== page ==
Performance tuning is often considered as a complex technique to master. However, it is not as complex as often perceived. In this blog post, we will discuss one of the most infamous operators – Lazy Spool – and how to optimize the query containing it.

The Common Practice

One of the most common practices in tuning queries is to enable the actual (or estimated) execution plan and optimize any operator that has the highest cost. You can enable execution plan for any query by either pressing CTRL + M (Key Board Shortcut) or by going to Toolbar >> Query >> Include Actual Execution Plan in SQL Server Management Studio (SSMS).

Once the query renders execution plan, users visually observe the execution plan and try to find the operator that has taken the maximum cost for the query and try to optimize that operator. This method is a very common practice among the SQL Server Performance Tuning Experts, and it usually works for most of the common scenarios.

However, if you come across the lazy spool operator in your query, this common practice will not be as effective.

Lazy Spool

Many people confuse Lazy Spool with the Eager Spool operator, but they are very different in several ways. Let us first understand what Lazy Spool operator is.

The spool operators in a query plan suggest that query requires storing data for reuse during the execution of it. To achieve the goal of storing data during the query lifecycle, SQL Server uses Temporary (Temp) Tables. As SQL Server stores the data in the Temp Table, which is essentially created in the TempDB, it creates additional overhead (read/write) to disks. The usage of the TempDB eventually becomes very expensive for queries and often leads to poor performance for the query.

Lazy Spool is a non-blocking operator, but when there is a large amount of data to be processed, it turns out to be a very expensive operator. This operator does not stop the flow of the data while it is loaded and loads the data in the “as on request”. Hence it is called “Lazy” Spool.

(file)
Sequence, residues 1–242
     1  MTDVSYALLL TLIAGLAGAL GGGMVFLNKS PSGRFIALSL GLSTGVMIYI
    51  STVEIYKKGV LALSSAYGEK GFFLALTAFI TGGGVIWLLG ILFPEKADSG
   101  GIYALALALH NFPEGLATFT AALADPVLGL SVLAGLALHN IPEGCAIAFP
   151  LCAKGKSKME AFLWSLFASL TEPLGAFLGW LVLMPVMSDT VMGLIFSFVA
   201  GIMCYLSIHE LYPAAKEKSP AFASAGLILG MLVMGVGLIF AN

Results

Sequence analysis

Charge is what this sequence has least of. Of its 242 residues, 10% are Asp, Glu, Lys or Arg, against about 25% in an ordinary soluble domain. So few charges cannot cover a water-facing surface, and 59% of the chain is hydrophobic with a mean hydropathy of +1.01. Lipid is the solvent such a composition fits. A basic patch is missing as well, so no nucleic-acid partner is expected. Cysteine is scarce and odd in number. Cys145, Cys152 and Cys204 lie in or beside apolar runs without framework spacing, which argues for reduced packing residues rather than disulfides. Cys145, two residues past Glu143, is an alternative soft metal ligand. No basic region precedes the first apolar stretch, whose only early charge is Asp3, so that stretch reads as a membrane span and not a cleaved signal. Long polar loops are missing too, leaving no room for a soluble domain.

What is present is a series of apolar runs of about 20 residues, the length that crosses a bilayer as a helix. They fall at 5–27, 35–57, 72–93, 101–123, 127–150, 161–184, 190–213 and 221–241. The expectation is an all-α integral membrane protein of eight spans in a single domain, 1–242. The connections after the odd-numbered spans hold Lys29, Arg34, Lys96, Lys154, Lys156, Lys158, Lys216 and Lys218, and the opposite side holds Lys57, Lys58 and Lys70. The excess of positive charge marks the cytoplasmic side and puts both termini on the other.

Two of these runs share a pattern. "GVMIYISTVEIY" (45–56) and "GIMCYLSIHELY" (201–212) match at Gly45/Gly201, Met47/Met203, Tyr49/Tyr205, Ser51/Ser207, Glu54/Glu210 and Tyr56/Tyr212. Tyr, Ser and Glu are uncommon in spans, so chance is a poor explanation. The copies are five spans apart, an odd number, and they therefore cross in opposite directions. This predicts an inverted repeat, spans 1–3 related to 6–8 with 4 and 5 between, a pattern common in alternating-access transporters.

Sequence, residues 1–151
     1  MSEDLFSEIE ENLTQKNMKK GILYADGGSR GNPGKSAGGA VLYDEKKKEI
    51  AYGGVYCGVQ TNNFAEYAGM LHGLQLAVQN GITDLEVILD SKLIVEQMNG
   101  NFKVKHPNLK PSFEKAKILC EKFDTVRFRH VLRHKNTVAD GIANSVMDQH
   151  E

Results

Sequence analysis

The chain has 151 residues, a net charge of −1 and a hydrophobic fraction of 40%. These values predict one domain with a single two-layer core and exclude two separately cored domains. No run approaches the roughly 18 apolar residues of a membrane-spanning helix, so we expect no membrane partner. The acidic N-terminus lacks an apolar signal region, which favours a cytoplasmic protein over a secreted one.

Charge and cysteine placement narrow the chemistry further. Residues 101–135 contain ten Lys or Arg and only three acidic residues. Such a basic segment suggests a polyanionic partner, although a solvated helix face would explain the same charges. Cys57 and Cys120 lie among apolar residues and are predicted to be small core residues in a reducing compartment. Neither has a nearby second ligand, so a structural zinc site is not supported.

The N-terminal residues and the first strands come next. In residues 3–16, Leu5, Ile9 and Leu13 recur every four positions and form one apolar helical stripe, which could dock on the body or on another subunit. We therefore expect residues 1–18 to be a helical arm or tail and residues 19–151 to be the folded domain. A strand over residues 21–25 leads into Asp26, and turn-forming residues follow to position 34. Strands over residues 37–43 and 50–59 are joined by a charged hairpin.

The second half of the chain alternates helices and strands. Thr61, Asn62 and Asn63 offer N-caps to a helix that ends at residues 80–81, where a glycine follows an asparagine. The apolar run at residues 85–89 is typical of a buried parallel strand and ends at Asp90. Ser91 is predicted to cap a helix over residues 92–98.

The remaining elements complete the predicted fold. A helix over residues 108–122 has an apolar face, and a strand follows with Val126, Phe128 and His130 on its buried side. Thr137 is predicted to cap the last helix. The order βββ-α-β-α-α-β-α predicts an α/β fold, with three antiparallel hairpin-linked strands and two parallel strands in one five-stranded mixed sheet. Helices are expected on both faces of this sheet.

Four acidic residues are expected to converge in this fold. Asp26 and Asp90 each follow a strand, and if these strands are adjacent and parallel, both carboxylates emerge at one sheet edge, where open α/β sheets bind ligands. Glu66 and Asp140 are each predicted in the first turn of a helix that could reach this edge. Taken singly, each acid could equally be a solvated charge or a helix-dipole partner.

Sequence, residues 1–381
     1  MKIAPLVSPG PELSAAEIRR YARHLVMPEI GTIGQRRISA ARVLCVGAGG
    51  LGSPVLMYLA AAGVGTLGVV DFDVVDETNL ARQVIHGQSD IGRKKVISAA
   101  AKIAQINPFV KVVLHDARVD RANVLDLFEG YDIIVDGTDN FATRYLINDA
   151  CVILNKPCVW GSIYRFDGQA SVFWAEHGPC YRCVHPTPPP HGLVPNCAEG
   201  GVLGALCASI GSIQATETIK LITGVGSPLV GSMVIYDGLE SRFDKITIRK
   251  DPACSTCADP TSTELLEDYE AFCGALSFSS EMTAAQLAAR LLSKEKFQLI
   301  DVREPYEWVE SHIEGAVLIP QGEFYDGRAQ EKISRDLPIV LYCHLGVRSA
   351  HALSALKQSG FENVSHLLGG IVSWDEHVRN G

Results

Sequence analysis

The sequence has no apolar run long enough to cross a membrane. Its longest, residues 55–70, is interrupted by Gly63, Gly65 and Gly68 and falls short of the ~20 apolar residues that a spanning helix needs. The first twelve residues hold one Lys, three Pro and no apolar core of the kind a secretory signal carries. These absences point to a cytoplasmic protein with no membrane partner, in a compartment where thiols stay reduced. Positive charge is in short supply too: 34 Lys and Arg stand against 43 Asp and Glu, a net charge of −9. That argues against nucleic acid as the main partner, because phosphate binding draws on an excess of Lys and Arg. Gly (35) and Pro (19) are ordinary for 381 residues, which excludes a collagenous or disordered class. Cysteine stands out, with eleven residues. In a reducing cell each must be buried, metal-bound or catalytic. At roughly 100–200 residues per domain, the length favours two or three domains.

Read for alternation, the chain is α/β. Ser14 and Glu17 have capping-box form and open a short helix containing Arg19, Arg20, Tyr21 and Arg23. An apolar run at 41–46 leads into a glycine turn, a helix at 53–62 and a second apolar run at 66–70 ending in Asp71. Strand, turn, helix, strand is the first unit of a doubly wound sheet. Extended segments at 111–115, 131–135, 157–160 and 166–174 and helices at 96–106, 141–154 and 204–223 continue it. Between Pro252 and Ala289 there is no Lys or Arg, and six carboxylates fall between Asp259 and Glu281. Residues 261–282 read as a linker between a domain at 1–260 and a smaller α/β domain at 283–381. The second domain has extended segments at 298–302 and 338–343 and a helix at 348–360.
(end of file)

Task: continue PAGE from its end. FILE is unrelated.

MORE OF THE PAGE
Real World Example

One of my recent customers had one query which had been running for over an hour, and after careful research, we figured out that the query had more than one Lazy Spool operator which caused the poor performance of the query.

I have recreated a similar query using a sample database, WideWorldImporters. Let’s take a look at the query and its execution plan along with the Statistics IO.



USE WideWorldImporters


-- Sample Query

SELECT [InvoiceID], [OrderID]

FROM [Sales].[Invoices] o

WHERE [TotalDryItems] = (SELECT AVG([TotalDryItems])

FROM [Sales].[Invoices] o1

WHERE o.[CustomerID] = o1.[CustomerID]

GROUP BY [CustomerID])


When you run the above query, it will give you the following execution plan.

If you look at the execution plan carefully, you will find three different Lazy Spool operators, each of which take the cost of 0% compared to the entire execution plan.

Upon looking at the messages tab, you can see that it is using TempTable (Worktable is TempTable) and spooling quite a lot of data into TempDB.

(17214 rows affected)

Table 'Invoices'. Scan count 9, logical reads 11994, physical reads 0, read-ahead reads 0, lob logical reads 0, lob physical reads 0, lob read-ahead reads 0.

Table 'Worktable'. Scan count 24, logical reads 143680, physical reads 0, read-ahead reads 0, lob logical reads 0, lob physical reads 0, lob read-ahead reads 0.


Lazy Spool Optimization